The buzzers have rang out. The dust has settled. American Ninja Warrior has a champion of season 12. The winner of the Power Tower playoffs was...
It was a fitting and hard-fought ending for Daniel, who came in second during season 11 when he timed out on the rope climb of Stage Four. He finally beat the brutal Stage Three of the National Finals just to come up a few seconds short.
This year, Daniel wanted it all.
In the Qualifiers, Daniel tried for the Mega Wall. He didn’t get to the top, but he did place fourth overall for the night. He was even more locked in during the Semi-Finals, tearing through the course to place second for the night. But during the Finals, Daniel kicked things into an entirely new gear.
He whipped through the course. After navigating the new Dragonback, he actually sprinted to the Spider Trap in an attempt to take the top time. He took second place on the top eight leaderboard and moved to the Power Tower. There, Daniel managed to beat Jesse Labreck, then Adam Rayl, then Austin Gray. We need a nap just thinking about how draining that must have been.
Race after race, Daniel put it all on the line. Now, after six seasons of competition, Daniel Gil can call himself a champion. We had a chance to speak with Daniel after his win. He gave us a look at what it took to win during a very challenging year.
(Responses are lightly edited for length and clarity.)
How did it feel to take part in season 12 in the middle of everything that’s happening?
DG: It’s something that I look forward to every year. One, just for the joy of competition, but also for the platform that is Ninja Warrior, that brings just encouragement and overcoming your own personal obstacles in life. And what better time than right now during the season that the world is going through then to have a platform that showcases people showing their skills, showing that it doesn’t matter what’s going on in the world, what life brings your way you can overcome.
What was your motivation for this season?
DG: Gosh, my motivation for this season is community. I think it’s so important to remind viewers this year that even in times of crisis like now where we are spending a lot of time indoors, a lot of times just with our families, it is still so important to have our families, have our churches, have our communities, whatever small groups we have. Stay connected however we can, whether it’s online or whatever that looks like. Don’t let yourself be isolated, stay with people. We need each other to move forward.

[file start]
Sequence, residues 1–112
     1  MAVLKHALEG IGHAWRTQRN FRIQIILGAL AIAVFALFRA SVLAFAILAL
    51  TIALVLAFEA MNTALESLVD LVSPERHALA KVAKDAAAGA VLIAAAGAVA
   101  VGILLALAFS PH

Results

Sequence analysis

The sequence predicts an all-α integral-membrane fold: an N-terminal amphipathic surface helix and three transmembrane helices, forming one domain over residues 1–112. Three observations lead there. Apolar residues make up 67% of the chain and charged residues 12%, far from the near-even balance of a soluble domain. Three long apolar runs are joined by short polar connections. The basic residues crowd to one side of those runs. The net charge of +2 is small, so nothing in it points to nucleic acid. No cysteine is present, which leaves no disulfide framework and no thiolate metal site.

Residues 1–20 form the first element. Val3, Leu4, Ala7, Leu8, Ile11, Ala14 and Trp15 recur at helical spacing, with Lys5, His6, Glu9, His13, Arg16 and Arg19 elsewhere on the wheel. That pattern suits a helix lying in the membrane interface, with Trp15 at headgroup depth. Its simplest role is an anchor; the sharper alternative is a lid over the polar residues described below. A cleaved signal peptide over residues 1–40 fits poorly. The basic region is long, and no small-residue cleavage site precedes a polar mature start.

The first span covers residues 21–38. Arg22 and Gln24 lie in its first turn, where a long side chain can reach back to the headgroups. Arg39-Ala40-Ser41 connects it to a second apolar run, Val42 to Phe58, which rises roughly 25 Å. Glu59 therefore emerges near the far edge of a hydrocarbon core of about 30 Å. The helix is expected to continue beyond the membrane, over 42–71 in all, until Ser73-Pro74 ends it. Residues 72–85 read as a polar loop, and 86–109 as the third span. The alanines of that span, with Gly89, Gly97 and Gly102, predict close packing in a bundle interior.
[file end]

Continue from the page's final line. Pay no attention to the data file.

There’s been a lot of talk on the show this year that this was your redemption season. Did you go into the season feeling like you had something to prove?
DG: To me, yes, it felt like a redemption season. However, I didn’t feel like I had anything to prove. I knew what I was capable of. And I knew that getting to Stage Four last year and getting three seconds away from the million, I knew what I was capable of. So for me, it was redemption this season, but it wasn’t ... It came with zero pressure to try to prove myself. I felt like I had done that last year. And this year was just go out there and do what you’ve already done. Do what you know you are capable of doing. Now, there was a bit of a curve ball with all the changes with the pandemic situation. But I suppose all in all, I was still able to navigate through it and keep my eyes on the prize, so to speak.
You were three for three on buzzers with Qualifiers, Semi-Finals, and Finals. Which course was your favorite? Or do you have any memorable moments from those runs?
DG: Goodness. I loved all three of them. I loved how every single course was very different from each other. We were on a lot of different obstacles between those three different courses. I loved the Semi-Finals course. That one stuck out, I think, more so than any of the other ones, because two of the obstacles were brand new, very challenging, very technical, but also a lot of fun. I mean, first off, with the Semi-Final course, right after the Salmon Ladder it was the Corkscrew obstacle.
One, I got to do an obstacle that my friend designed and sent in, Josh Norton, who won the design challenge with that obstacle. I got to take on a course that just came from the mind of a friend of mine. So that already was special. And then after seeing so many people fall on it, I was like, “Okay, I think I know what I need to do in order to make it happen, but let’s just see if it all goes according to plan.” And it did. So conquering that obstacle felt amazing.
And then right after it, the very next one, The Dungeon, that one was super intimidating. And halfway through it I felt like I was going to slip and fall. But after I successfully finished it, I was like, “Okay, looking back, that was just a brutal grip intensive obstacle that really separated just the athletes, those of us that have the grip strength and have the endurance to be able to beat all the prior obstacles and do that one, and those who don’t.” So I loved those two different obstacles, and that particular course was amazing.
What did you think about Dragonback in the Finals? That looked like such an unpredictable obstacle.
DG: Yes, it was. I think the best term would be finicky. Like you had to be very precise with it. It was very easy to make a small error and just not be able to recover from it. But I loved it. I love that obstacle. I mean, the only reason that wasn’t my favorite course is because in the Semi-Finals I had the Corkscrew and The Dungeon. And that one, in the Finals course it was just the Dragonback. But I loved it. I loved how it was like a combination of like three different obstacles. You had like a bar hop, then you had a slider, and then you had the bungee on it. I absolutely loved it. And everything went according to plan again. So I was very, very pleased with the obstacle too, or at least my performance on it.
Were you feeling confident that the Power Tower format was something you could excel at?